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Nicholas Shepherd is an associate in Covington’s Brussels office, where he is a member of the Data Privacy and Cybersecurity practice group, advising clients on compliance with all aspects of the European General Data Protection Regulation (GDPR), ePrivacy Directive, European direct marketing laws, and other privacy and cybersecurity laws worldwide.  Nick counsels on topics that include adtech, anonymization, children's privacy, cross-border transfer restrictions, and much more, providing advice tailored to product- and service-specific contexts to help clients apply a risk-based approach in addressing requirements related to transparency, consent, lawful processing, data sharing, and others.

A U.S.-trained and qualified lawyer registered on the B-List of the Brussels Bar, Nick leverages his multi-faceted legal background and international experience to provide clear and pragmatic advice to help organizations address their privacy compliance obligations across jurisdictions.

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On March 21, 2022, the European Data Protection Board (“EDPB”) published its draft Guidelines 3/2022 on Dark patterns in social media platform interfaces (hereafter “Guidelines”, available here), following the EDPB’s plenary session held on March 14, 2022.  The stated objective of the Guidelines is to provide practical guidance to both designers and users of social media platforms about how to identify and avoid so-called “dark patterns” in social media interfaces that would violate requirements set out in the EU’s General Data Protection Regulation (“GDPR”).  In this sense, the Guidelines serve both to instruct organizations on how to design of their platforms and user interfaces in a GDPR-compliant manner, as well as to educate users on how certain practices they are subject to could run contrary to the GDPR (which could, as a result, lead to an increase in GDPR complaints arising from such practices).  The Guidelines are currently subject to a 6-week period of public consultation, and interested parties are invited to submit feedback directly to the EDPB here (see “provide your feedback” button).

In this blog post, we summarize the Guidelines and identify key takeaways.  Notably, while the Guidelines are targeted to designers and users of social media platforms, they may offer helpful insights to organizations across other sectors seeking to comply with the GDPR, and in particular, its requirements with respect to fairness, transparency, data minimization, purpose limitation, facilitating personal data rights, and so forth.

Continue Reading EDPB Publishes Draft Guidelines on the Use of “Dark Patterns” in Social Media Interfaces

On March 2, 2022, following a fast-track legislative process in the French National Assembly and Senate, President Macron of France signed into law a new piece of legislation designed to reinforce parental controls over minors’ access to the Internet (the “Law”) (see final text of the Law published in the Official Journal here, in French).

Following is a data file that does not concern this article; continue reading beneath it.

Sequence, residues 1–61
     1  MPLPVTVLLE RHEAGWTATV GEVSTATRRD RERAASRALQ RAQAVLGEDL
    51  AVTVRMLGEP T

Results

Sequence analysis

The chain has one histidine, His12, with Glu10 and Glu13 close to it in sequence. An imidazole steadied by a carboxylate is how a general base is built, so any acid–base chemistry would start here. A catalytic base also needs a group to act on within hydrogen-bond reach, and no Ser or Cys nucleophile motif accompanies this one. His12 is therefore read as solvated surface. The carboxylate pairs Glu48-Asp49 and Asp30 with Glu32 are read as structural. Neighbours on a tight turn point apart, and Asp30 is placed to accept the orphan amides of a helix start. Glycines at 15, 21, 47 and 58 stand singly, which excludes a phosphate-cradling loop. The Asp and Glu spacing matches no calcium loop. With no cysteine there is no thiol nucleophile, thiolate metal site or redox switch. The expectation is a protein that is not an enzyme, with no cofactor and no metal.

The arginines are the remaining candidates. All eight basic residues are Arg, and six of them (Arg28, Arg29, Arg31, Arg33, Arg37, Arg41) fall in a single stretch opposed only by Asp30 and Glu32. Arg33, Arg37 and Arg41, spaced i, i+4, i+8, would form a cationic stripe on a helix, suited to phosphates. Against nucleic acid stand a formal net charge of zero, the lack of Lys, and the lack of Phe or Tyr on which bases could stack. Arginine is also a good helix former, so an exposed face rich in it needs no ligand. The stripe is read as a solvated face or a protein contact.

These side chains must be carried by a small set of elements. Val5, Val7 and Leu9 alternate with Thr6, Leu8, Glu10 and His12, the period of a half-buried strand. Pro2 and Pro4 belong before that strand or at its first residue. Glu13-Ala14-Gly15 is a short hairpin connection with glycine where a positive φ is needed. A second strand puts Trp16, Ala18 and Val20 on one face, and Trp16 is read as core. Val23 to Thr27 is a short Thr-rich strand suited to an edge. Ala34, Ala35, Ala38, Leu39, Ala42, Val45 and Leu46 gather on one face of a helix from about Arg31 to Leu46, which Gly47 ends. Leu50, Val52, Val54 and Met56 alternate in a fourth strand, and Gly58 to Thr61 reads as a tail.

The Law will apply primarily to manufacturers of devices that enable minors to access online services and content likely to harm [their] physical, mental or moral development” (e.g., computers, smart phones, and tablets).  The Law – which extends only to devices sold with an operating system (e.g., PCs, mobile phones, tablets, smart TVs) – requires manufacturers of such devices to provide a pre-installed parental control system which can be activated by parents or guardians upon first use.  The installation, use, and (where applicable) uninstallation the system must be provided to end users at no additional cost.

Continue Reading France Enacts New Law on Parental Controls

On Episode 17 of Covington’s Inside Privacy Audiocast, Dan Cooper, Sam Choi, Danielle Kehl and Nick Shepherd discuss the developments related to children’s privacy, looking at relevant legislation, standards, and guidelines in the UK, the EU, and the U.S., and zooming in on some child-specific topics such as age thresholds and age verification,

On November 19, 2021, the European Data Protection Board (“EDPB”) published its draft Guidelines 05/2021 on the Interplay between the application of Article 3 and the provisions on international transfers as per Chapter V of the GDPR (available here).  The draft guidelines are currently subject to a public consultation period that ends on January 31, 2022; interested stakeholders can submit their feedback here.

In this blog post, we provide a brief background on the issues addressed in the draft guidelines, and summarize the key takeaways.

Continue Reading EDPB Publishes Draft Guidelines on Interplay of Article 3 GDPR and the GDPR’s Cross-Border Transfer Rules

On August 11, 2021, the UK Information Commissioner’s Office (“ICO”) opened a public consultation to solicit stakeholder input regarding the UK’s approach to regulating international transfers of personal data under the UK General Data Protection Regulation (“UK GDPR”) (see here).  To kick off this initiative, the ICO published a consultation paper setting out various policy options that the UK is considering, as well as: